BREAKING: US Senate Passes Historic Tax Reform Package, 51-49

Guy Benson
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Posted: Dec 02, 2017 2:01 AM
BREAKING: US Senate Passes Historic Tax Reform Package, 51-49

FINAL UPDATE - The votes are in, and the ayes have it.  After a marathon evening of debating and considering amendments, the US Senate has approved the GOP's tax reform bill, which would simplify the tax code and cut taxes for the vast majority of American households, small businesses and corporations.  Every Republican voted yes, except for Tennessee's Bob Corker.  Democrats uniformly voted no.  This is a big legislative victory for the GOP, which overcame a great deal of ferocious opposition -- much of it rooted in misinformation -- to pass the legislation.  Up next, a conference committee with the House.  But here's your summary for tonight:


UPDATE III - It's now looking official: Senate Republicans have the votes to pass tax reform. Arizona's Jeff Flake announced he's jumping on the bandwagon, and the finalized legislation includes a (paid for) amendment sought by Maine's Susan Collins that mirrors the House-passed SALT (state and local tax deduction) compromise. That strongly suggests that she'll be a "yes," too. Add it up, and that's 51, negating the need for Vice President Pence to break a potential tie. Depending on Bob Corker's mood in a few hours, McConnell might even get all 52 GOP votes. But all he really needs is 50-plus-one, and he says he's got 'em:


ORIGINAL POST - The Republican-held House of Representatives did its part by passing a tax overhaul earlier this month, with zero Democrats supporting the effort.  That bill cut taxes and boosted after-tax incomes, on average, across every income group in the country, and is projected by nonpartisan analysts to grow the US economy and create close to one million new full-time jobs.  It would also lower the tax burden on job-creating small businesses (key small business advocacy groups have endorsed the Republican push), and make America's extremely high statutory and effective corporate tax rates far more competitive internationally.  But we've seen this movie before.  With the "resistance" in full demagogic throat, and Democrats bound in lockstep opposition, will the GOP's narrow Senate majority fumble the ball, as they did on Obamacare?  We'll know soon enough, and tea leaves are mixed.  A vote is expected later today.  As we brace what's next, let's first note three developments from yesterday (see update) that may portend a successful outcome (see update II) for Mitch McConnell's conference:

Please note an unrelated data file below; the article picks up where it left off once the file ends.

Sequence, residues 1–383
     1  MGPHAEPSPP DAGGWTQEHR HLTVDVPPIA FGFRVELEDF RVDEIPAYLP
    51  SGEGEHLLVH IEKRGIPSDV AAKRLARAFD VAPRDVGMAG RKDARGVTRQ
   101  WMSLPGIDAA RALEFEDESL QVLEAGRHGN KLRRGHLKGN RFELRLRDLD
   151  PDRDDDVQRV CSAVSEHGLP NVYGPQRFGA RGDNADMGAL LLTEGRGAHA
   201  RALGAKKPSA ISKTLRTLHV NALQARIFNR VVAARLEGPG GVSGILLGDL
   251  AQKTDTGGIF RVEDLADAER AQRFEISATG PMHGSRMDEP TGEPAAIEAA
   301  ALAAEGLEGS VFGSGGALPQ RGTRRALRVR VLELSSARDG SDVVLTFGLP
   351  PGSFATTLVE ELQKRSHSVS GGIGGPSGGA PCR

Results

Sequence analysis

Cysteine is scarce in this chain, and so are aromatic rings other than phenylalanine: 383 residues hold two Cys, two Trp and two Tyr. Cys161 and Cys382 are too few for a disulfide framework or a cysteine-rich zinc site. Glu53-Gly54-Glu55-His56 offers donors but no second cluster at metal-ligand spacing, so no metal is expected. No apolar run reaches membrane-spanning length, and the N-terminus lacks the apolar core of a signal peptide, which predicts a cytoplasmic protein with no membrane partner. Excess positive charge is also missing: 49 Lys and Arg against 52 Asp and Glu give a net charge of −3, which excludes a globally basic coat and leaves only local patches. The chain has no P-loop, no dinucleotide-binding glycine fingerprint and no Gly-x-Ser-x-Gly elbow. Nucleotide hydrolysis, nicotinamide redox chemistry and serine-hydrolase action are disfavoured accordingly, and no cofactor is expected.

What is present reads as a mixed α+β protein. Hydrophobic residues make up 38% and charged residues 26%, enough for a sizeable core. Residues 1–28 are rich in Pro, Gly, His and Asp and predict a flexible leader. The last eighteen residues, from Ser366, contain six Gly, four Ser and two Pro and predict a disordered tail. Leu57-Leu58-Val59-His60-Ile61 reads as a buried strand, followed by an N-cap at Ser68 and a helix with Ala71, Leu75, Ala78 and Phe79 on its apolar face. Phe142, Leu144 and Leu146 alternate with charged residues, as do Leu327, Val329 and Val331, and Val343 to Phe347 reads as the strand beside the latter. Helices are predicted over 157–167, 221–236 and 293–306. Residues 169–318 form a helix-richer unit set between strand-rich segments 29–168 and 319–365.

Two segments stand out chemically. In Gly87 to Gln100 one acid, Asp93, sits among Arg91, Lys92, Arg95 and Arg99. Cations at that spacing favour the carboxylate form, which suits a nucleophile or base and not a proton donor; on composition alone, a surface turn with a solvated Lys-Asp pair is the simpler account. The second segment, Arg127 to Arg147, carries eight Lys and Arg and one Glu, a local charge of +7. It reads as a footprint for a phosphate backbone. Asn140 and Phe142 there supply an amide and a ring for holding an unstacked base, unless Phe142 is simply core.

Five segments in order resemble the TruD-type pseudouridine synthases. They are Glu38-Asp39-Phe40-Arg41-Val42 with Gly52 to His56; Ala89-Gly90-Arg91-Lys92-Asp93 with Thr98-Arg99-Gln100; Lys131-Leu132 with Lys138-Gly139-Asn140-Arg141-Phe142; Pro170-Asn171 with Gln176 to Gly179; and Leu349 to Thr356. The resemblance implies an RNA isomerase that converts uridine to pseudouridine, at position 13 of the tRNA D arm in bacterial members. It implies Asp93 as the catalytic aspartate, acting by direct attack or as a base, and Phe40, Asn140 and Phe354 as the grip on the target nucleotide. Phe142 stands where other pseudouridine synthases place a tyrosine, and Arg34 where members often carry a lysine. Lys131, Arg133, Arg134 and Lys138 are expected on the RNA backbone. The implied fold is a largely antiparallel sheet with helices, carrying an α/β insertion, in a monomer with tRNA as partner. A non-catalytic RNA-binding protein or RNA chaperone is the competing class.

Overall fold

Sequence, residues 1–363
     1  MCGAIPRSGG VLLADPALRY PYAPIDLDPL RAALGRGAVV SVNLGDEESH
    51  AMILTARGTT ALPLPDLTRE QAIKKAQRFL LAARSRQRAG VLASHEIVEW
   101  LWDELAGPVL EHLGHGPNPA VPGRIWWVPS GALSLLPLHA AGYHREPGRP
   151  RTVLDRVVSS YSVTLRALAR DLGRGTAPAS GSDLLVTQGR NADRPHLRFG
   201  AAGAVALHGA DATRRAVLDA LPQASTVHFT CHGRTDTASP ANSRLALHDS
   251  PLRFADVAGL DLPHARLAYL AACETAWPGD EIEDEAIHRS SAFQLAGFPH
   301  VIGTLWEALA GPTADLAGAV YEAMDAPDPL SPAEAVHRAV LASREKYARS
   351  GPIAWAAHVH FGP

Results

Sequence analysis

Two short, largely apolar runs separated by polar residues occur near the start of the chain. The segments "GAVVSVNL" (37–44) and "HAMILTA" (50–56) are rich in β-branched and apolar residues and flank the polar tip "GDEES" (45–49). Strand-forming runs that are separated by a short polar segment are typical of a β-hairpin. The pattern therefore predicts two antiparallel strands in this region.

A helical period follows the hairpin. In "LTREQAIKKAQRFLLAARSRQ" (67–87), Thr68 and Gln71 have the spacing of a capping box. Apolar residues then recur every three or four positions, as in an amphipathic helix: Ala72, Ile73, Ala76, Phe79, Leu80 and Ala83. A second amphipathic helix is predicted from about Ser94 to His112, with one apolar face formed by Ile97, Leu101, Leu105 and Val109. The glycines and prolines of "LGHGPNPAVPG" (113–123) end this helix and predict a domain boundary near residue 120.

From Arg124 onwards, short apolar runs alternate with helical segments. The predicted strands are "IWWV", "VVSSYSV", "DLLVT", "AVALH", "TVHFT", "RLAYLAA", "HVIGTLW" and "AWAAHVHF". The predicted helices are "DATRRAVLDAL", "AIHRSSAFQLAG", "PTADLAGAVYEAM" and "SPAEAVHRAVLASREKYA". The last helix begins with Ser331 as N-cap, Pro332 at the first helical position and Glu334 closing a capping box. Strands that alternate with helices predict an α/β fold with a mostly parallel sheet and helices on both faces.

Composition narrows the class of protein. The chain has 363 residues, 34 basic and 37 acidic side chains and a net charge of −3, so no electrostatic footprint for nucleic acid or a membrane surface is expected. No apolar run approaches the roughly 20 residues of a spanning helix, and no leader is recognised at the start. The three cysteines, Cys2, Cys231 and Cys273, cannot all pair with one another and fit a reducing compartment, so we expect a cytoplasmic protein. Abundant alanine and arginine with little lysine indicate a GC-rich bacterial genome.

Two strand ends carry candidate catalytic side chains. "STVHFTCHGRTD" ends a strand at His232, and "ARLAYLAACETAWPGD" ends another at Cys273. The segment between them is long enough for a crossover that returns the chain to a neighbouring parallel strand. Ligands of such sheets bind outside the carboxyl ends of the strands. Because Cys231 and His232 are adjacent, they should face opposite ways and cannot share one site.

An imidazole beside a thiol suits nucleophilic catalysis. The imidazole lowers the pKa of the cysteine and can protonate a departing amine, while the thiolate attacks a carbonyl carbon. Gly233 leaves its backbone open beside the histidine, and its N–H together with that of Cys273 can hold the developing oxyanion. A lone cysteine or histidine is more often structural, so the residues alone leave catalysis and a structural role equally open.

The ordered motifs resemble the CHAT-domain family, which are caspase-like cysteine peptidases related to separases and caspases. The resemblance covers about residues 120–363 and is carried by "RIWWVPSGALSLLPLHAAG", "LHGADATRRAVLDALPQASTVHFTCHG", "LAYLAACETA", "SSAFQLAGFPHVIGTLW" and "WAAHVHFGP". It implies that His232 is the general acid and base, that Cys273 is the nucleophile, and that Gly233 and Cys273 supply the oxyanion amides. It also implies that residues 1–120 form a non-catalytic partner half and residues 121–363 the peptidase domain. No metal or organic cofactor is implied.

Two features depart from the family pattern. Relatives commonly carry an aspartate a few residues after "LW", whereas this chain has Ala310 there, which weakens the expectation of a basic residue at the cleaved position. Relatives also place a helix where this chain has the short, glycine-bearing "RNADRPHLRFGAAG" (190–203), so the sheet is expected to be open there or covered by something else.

(1) John McCain is a committed "yes."  As the Senator who more or less single-handedly killed his party's "repeal and replace" efforts in July, having him clearly on board is a huge boon to Republican leadership.  McCain's official statement touted the expected benefits of the bill -- acknowledging concerns about it, but ultimately determining that the legislation's upside was strong enough to secure his support:  


He even specifically addressed and endorsed the proposal's provision that would repeal Obamacare's tent pole, the federal individual mandate tax: "I have also argued that health care reform, which is important both to the well-being of our citizens and to the vitality of our economy, should proceed by regular order. This bill does not change that. As a matter of principle, I’ve always supported individual liberty and believe the federal government should not penalize Americans who cannot afford to purchase expensive health insurance. By repealing the individual mandate, this bill would eliminate an onerous tax that especially harms those from low-income brackets. In my home state of Arizona, 80 percent of people who currently pay the individual mandate penalty earn less than $50,000 per year," he wrote.